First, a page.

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Sitaram and ors. Vs. State of M.P. - Court Judgment

LegalCrystal Citation
SubjectCriminal
CourtSupreme Court of India
Decided On
Judge
Reported in1979CriLJ1028; (1979)3SCC644; 1980Supp(1)SCC338
ActsIndian Penal Code (IPC) - Sections 34, 149 and 302
AppellantSitaram and ors.
RespondentState of M.P.
Excerpt:
.....act, 1970 in its grave concern for long incarceration being subject to great scrutiny at the highest level if first inflicted, by the high court. a right of appeal to the supreme court was granted when the high court has, for the first time sentenced an accused to life imprisonment or to a term of or above ten years of rigorous imprisonment and equated it with that granted under art. 134(1)(a) and (b). [1097g-1098d] the nature of the appeal process cannot be cast in a rigid mould as it varies with jurisdiction and systems of jurisprudence. whatever the protean forms the appellate process may take, the goal is justice so that a disgruntled litigant cannot convert his right of appeal into breaking down the court system by sufferance of interminable submission after several tribunals..........in order to fortify his argument, counsel for the appellants relies on the report given by one babu kotwar which appears to be at page 1349 of the paper book. this report shows that one babu kotwar of bhandaria appeared at the police station and reported that a quarrel was going on between deshwalis and bharuds in the village, bhandaria. the report does not show that babu kotwar was an eyewitness who had himself seen the occurrence, nor does his report disclose any cognisable offence nor does the informant mention as to whether he had identified any of the accused nor does he disclose the circumstances in which the occurrence took palce. under these circumstances, therefore, babu kotwar was not at all a material witness. it was, however, argued by mr. gupta that this witness was.....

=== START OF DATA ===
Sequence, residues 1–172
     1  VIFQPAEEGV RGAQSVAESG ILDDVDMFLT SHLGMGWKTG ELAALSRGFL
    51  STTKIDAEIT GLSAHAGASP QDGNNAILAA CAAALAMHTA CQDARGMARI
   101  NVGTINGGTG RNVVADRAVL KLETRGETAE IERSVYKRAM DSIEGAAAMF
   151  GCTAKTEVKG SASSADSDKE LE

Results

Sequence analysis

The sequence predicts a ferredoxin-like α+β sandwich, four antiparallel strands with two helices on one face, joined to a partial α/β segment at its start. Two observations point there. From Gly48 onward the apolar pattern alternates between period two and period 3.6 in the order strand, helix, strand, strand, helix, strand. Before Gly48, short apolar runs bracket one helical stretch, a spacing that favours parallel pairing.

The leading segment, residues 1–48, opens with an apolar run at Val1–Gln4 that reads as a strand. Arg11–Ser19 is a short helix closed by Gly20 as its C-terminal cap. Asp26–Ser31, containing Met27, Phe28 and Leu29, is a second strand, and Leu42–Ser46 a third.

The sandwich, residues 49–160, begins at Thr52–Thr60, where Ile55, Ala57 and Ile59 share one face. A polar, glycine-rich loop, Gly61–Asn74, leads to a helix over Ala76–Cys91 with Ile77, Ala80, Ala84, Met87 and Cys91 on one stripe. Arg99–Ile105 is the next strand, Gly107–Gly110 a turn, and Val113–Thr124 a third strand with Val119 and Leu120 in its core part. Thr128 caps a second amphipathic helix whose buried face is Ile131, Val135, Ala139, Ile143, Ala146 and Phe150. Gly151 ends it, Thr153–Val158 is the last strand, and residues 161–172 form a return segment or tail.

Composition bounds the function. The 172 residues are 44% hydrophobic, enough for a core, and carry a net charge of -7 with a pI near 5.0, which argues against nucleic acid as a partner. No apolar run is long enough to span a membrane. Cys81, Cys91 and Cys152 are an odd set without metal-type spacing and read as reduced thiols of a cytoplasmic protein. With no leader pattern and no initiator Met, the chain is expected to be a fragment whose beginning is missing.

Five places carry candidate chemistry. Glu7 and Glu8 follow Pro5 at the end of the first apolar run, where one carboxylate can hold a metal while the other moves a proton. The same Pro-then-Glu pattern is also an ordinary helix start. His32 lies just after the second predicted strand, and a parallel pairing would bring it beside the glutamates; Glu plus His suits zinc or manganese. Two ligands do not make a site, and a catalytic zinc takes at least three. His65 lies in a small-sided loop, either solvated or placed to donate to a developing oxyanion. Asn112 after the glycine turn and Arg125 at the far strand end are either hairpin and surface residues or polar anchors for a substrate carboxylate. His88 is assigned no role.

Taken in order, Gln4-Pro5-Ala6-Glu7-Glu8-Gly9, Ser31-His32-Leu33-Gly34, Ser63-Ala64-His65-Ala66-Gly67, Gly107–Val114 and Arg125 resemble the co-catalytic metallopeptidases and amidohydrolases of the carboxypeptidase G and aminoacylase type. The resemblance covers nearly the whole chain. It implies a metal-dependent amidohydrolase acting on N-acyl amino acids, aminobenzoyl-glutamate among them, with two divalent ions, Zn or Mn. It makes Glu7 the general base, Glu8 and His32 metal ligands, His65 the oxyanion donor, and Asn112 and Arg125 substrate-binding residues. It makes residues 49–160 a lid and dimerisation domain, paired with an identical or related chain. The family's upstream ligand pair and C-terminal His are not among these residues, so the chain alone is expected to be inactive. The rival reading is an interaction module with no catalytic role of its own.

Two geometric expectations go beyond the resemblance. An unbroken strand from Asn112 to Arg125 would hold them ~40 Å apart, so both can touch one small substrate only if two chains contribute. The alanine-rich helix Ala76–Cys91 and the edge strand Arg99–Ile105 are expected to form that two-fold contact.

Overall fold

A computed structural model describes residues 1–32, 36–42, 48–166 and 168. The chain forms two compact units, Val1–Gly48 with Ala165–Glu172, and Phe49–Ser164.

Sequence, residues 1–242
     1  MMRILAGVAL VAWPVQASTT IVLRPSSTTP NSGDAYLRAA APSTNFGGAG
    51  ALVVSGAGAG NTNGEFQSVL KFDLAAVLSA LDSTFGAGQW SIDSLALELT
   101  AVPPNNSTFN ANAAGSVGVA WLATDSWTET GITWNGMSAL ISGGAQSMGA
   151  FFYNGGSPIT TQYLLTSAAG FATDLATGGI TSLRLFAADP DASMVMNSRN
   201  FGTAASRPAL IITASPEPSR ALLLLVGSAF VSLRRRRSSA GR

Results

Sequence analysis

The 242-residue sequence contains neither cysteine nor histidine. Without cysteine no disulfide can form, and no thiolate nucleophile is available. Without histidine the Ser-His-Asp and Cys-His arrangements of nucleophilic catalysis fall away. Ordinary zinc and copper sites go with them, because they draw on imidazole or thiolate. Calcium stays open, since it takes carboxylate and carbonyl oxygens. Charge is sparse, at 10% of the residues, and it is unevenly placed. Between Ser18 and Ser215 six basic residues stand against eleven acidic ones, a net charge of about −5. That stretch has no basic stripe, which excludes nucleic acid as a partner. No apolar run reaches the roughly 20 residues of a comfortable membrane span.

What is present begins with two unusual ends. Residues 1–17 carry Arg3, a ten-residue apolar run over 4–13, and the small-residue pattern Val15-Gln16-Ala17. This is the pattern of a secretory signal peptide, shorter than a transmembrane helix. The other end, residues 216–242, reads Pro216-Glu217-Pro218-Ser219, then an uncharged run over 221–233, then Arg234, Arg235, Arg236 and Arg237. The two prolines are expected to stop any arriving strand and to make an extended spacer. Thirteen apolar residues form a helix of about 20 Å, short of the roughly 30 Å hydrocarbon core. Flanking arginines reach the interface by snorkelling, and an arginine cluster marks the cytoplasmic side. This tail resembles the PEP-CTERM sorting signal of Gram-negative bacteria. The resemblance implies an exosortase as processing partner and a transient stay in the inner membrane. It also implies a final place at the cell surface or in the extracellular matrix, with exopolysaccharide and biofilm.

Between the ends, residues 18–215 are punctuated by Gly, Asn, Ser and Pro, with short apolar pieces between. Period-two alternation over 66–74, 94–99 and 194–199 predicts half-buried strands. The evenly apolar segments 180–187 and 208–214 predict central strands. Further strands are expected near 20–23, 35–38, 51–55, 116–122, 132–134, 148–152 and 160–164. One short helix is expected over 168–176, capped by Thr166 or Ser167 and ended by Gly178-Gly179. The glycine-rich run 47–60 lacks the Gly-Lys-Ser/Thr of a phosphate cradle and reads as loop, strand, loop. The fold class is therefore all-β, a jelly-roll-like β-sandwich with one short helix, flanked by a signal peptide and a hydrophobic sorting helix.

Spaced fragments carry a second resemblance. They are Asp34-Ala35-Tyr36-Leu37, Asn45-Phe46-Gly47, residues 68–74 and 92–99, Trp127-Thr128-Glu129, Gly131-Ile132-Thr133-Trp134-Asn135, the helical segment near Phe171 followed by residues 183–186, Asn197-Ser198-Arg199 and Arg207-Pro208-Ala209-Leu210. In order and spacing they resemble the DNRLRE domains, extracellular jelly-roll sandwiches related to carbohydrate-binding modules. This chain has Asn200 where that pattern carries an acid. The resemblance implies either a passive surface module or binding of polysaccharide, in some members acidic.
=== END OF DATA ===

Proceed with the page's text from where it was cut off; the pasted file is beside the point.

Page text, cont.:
Judgment:

S. Murtaza Fazal Ali, J.

1. In these two appeals by special leave, the appellants, except Sita Ram who has been wrongly included as one of the appellants, have been convicted under Sections 302/149 and 302/34 and some of them have been sentenced to imprisonment for life and others to various terms of imprisonment under different Sections of I.P.C. It is not necessary to give the necessary particulars in the view that we take in this case. The prosecution case has been detailed in the judgment of the High Court and the Sessions Judge. We have gone through the judgment of the Sessions Judge; and the High Court and we do not find any error of law in the judgment of the High Court Mr. Gupta appearing for the appellants, submitted that the occurrence was the result of a fight between two factions and it was contended that all the members of one family have been implicated due to previous enmity. In order to fortify his argument, counsel for the appellants relies on the report given by one Babu Kotwar which appears to be at page 1349 of the paper book. This report shows that one Babu Kotwar of Bhandaria appeared at the police station and reported that a quarrel was going on between Deshwalis and Bharuds in the village, Bhandaria. The report does not show that Babu Kotwar was an eyewitness who had himself seen the occurrence, nor does his report disclose any cognisable offence nor does the informant mention as to whether he had identified any of the accused nor does he disclose the circumstances in which the occurrence took palce. Under these circumstances, therefore, Babu Kotwar was not at all a material witness. It was, however, argued by Mr. Gupta that this witness was cited in the chargesheet as a prosecution witness but was given up later. That by itself would no1 show that he is a material witness. The information which he gave does not at all show that his evidence was necessary for the unfolding of the prosecution narrative.

2. It was then contended that all the eight witnesses examined by the prosecution are interested and inimical and therefore no reliance should be placed on them. Both the courts below while accepting the testimony of these witnesses were fully alive to these infirmities but have chosen to accept their statements by holding that the witnesses were reliable. Moreover, it appears that the evidence of these witnesses was corroborated by P.Ws. 11, 13 and 39. This Court in special leave would not reappraise the evidence for itself unless a clear error of law in the appreciation of the evidence is found. No other point was argued before us although, some reference is made to certain questions of fact which this Court does not entertain in appeal by special leave. We are extremely grateful to Mr. Gupta who has been of great assistance to us in deciding this case and has tried his best to support the case of the appellants, but in view of the findings of facts arrived at by the two courts below, we are unable to interfere. For these reasons, therefore, we do not find any error in the judgment of the High Court or any merit in this appeal. The appeals are accordingly dismissed.


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